The town of Babylon, NY, came up with an offer she couldn't refuse: if she and her husband, Carlos, paid $250 for an energy audit, the town would finance the recommended upgrades. The couple would repay the town at a monthly rate below the savings on their utility bill. The audit, done this month, found that by insulating walls, basement and attic, at a cost of $6,879, the Williamses could save about $1,300 a year.
"It's an excellent deal," said Mrs. Williams, 42, a New York City correction officer. "With the bills and the mortgage, sometimes it's hard to do this at one time." New York City and other major urban centers have ambitious, high-profile environmental programs. But it turns out that throughout the suburbs, towns like Babylon, on Long Island, are exploring and adopting a wide variety of innovative ways to save energy, protect their residents' health and reduce pollution.
And there is only so much change the towns can impose. Requiring that homes be built smaller would greatly shrink the carbon footprint of buildings, but even environmentalists agree this is not realistic.
"There would be no political support to work on that side of the equation," Mr. DeLuca said.
There are other obstacles to going green. Marcia Bystryn, president of the New York League of Conservation Voters, said villages, wary of changing their character, often resist increasing building density even if that means forcing development to go elsewhere and contributing to suburban sprawl. And poor suburbs are less likely than affluent ones to join the movement, she said.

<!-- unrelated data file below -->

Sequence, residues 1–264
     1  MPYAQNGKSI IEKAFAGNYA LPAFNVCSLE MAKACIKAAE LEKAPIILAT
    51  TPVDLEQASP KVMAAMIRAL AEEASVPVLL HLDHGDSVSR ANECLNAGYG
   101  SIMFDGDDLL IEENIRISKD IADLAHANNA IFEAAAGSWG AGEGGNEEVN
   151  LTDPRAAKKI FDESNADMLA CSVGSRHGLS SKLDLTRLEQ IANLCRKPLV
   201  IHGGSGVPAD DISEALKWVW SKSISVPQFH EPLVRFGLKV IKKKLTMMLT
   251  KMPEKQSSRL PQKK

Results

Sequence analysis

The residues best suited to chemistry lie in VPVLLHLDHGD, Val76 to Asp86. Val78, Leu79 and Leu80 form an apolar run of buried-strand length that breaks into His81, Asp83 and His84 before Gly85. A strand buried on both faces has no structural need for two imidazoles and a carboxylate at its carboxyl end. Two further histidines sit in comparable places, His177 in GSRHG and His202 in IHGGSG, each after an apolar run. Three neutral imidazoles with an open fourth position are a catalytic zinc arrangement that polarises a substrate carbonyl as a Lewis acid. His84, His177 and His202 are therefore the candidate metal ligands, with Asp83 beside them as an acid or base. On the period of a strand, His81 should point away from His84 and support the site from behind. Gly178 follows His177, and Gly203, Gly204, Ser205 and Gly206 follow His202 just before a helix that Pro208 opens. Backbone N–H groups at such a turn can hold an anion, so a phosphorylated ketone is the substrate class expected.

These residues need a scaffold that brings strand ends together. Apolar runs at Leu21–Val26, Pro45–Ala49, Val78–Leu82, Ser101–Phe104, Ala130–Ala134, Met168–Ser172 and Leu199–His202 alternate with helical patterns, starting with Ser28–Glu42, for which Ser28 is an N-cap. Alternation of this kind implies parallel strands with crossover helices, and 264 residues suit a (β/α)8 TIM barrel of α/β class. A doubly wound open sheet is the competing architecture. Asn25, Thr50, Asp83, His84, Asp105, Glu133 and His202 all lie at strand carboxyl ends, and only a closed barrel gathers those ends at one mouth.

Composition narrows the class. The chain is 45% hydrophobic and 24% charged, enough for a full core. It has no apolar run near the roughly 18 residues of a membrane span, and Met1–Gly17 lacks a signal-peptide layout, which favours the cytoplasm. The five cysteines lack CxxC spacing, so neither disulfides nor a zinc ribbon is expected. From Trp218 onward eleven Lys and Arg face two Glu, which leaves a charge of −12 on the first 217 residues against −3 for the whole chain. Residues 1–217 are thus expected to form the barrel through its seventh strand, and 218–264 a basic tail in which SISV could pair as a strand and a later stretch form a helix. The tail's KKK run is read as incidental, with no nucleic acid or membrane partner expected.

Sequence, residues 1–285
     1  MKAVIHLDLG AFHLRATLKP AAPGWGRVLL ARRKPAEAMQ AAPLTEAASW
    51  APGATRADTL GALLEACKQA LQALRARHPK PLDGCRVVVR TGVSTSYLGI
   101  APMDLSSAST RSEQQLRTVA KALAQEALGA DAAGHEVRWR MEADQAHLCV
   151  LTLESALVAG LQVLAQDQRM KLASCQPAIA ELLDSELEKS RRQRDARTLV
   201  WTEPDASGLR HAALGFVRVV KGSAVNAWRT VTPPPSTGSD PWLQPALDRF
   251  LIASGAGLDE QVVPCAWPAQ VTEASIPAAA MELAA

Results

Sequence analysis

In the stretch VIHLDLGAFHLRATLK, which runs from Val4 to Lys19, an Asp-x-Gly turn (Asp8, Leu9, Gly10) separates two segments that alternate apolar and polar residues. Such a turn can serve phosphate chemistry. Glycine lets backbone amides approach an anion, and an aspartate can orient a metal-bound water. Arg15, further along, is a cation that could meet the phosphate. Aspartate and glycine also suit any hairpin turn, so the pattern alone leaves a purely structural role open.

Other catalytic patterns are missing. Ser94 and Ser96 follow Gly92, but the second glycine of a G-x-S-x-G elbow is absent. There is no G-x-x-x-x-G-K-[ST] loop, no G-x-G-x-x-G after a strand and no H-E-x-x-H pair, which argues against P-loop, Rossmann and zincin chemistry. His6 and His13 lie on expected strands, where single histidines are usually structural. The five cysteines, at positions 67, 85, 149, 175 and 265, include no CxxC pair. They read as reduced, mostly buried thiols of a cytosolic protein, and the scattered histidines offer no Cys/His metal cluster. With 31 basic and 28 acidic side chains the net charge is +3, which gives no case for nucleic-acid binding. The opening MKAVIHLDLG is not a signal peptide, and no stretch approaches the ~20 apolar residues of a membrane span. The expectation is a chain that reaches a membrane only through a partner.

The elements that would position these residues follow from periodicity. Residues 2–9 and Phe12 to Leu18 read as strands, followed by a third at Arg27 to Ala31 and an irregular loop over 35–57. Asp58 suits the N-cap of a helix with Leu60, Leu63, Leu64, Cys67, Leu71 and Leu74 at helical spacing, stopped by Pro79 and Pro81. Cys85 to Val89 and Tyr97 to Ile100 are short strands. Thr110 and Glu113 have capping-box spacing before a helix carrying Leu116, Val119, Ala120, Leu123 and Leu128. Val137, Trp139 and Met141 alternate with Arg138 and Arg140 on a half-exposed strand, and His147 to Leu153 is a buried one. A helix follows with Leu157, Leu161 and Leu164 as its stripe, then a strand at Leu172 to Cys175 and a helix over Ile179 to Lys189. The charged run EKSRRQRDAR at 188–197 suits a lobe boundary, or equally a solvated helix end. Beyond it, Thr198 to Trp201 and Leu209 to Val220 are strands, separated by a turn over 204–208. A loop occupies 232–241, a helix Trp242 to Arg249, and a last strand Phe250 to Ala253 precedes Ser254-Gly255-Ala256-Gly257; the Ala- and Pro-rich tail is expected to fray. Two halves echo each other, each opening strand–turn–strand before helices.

"There are no real resources, and it's unlikely that you'd have the kind of galvanizing leadership in these communities to take on climate issues," Ms. Bystryn said. "Leaders usually advocate for affordable housing and things like that."
But even wealthier areas need financial incentives in order to draw participants like Mrs. Williams. So far more than 200 homes have been audited, with potential savings of close to $1,000 a year each on average.
The town pays for the program, now a pilot, with $2 million from its solid waste reserve fund. New state and federal laws, and millions of dollars in federal stimulus grants, have also helped spur such initiatives.
"This is a program that helps the environment, helps homeowners save money, creates local jobs, reduces our reliance on fossil fuels and it's at no cost to taxpayers," said Steve Bellone, Babylon's town supervisor.
Mr. Levy, of Hofstra, noted that the fragmented government on Long Island, with its many towns and special districts, often means competition for development projects or government grants -- and that the quest to go green has created healthier rivalries.
"All the town supervisors want to be known as the leanest and greenest," he said.
Mr. Bellone said he strongly believed that sustainability was a matter of survival.
"Over time, residents are going to demand it, and housing stock and commercial stock that are green are going to be more valuable," he said. "This positions Babylon to be a prosperous community for the long term."
A version of this article appeared in print on October 11, 2009, on page MB1 of the New York edition.
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